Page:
"Starting with $10,000 and retiring a millionaire" – This is what one article claims is easy to do. You just need the right ingredients. First, you start saving at a young age. Second, you earn 7% compounded annually (which they call the 7% solution), and, just like that, you are a millionaire.
Yes, this is the financial writing today that websites feature as financial education. I call it pop culture finance. They are catchy, entertaining ideas that read well and are designed to lure the reader in. However, from an education standpoint, they leave the reader with the wrong impression of how money really works. This is problematic considering this is how so many people gain their financial education today. They actually pay writers to write this stuff. Here are some fatal flaws with this article.
Growing money requires five components, not just saving money– All you have to do to get to a successful retirement is save x percent. It is a little more complicated than saving your way to retirement. It requires planning, saving, investing, risk management, and tracking. The concept of savings is only a starting place to reaching financial goals. It is not the main reason for success, as implied in the article.
$372,430 – That is today's value of 1 million dollars in 40 years using inflation. If you were to take an income off of that amount, you would be living off of $18,600 in today's dollars. To truly be a millionaire, you would need to accumulate $2.685 million. There should be many millionaires born in the next 40 years; however, it will not mean much.
7% compound return – This is the assumption that they use as their "solution." A compound return is one that happens year in and year out. It is not even remotely realistic. In a perfectly normal world, that fantasy might come true. Compound returns are not realistic, like an average return.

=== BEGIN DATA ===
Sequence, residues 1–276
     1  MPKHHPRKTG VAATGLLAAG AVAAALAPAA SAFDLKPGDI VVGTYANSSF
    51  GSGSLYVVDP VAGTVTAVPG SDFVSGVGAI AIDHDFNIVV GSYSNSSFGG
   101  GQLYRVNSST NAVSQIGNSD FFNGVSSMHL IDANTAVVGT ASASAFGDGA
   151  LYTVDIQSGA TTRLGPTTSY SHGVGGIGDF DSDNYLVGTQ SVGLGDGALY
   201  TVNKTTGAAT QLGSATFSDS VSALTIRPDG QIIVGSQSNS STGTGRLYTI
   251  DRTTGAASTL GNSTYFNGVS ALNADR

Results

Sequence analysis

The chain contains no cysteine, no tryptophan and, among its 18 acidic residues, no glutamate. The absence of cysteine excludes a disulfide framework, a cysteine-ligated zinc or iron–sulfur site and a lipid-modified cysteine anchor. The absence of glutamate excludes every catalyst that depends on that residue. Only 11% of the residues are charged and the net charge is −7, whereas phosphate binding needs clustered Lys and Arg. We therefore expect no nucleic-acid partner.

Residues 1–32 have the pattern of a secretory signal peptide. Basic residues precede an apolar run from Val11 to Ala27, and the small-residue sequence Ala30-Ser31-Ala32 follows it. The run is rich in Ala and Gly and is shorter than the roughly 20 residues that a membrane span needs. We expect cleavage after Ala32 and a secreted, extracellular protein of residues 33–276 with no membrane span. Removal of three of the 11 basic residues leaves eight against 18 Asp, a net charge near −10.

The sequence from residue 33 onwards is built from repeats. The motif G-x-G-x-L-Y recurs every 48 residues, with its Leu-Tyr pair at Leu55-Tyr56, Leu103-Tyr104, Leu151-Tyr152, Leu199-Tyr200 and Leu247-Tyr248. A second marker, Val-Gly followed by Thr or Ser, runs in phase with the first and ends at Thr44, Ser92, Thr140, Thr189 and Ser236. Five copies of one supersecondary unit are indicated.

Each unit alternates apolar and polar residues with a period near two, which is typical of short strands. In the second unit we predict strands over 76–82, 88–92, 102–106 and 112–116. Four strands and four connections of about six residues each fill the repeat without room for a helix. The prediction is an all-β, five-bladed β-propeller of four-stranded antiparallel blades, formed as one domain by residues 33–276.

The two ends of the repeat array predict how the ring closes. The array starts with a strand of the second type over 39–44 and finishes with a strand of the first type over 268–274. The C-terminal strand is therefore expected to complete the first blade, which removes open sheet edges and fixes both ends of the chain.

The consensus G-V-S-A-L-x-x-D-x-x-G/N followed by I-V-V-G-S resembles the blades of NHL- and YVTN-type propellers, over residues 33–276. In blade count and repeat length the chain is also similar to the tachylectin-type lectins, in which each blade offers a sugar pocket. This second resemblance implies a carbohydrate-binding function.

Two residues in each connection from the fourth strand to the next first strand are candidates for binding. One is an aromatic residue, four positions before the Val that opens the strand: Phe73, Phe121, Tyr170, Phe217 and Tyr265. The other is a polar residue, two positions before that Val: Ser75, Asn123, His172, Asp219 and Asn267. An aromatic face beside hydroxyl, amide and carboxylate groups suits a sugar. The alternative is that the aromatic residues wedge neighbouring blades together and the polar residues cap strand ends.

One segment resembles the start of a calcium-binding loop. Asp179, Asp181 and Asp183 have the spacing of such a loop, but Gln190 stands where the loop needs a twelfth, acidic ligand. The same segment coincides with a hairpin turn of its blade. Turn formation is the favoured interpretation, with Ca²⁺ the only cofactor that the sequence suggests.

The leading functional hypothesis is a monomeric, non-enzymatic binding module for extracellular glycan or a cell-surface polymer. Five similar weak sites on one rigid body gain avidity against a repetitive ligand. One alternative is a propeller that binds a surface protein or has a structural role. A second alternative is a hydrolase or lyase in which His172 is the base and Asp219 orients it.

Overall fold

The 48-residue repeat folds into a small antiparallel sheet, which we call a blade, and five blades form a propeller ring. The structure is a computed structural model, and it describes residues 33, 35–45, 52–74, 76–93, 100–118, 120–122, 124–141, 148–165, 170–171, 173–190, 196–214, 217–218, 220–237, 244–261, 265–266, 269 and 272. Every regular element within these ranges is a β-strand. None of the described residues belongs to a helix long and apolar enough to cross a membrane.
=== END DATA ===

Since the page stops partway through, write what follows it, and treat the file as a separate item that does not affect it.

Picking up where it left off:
Inflation-adjusted returns – They claim a 7% inflation-adjusted return. In other words, you would need to return 9 to 10% every year. That requires you to take a lot of risks and is an aggressive target. The financial services industry errantly throws around the ability to make 10% a year as if everyone should be doing it. That is far from reality.
Here are a few quotes from the experts in the article:
"It's less about where the money is invested and more about your ability to be disciplined." It is all about where the money is invested. Investments based upon the risk that you are taking and your ability to manage that risk drive success long-term.
"There's a reason why Albert Einstein called compounding the most powerful force in the universe." It is the most potent force in the financial world and would be the magic bullet if you could get a 7% inflation-adjusted return year in and year out. It only is probably more realistic when you consider 4 to 5% (not even considering inflation) or so.
The reality is that people learn about money on the fly. They get their education from websites and magazines that are filled with pop culture finance. Make your decisions only on reliable assumptions. To do so, you have to strive to get a real education about how money works. Look for the other side of the story. The reality is somewhere in the middle.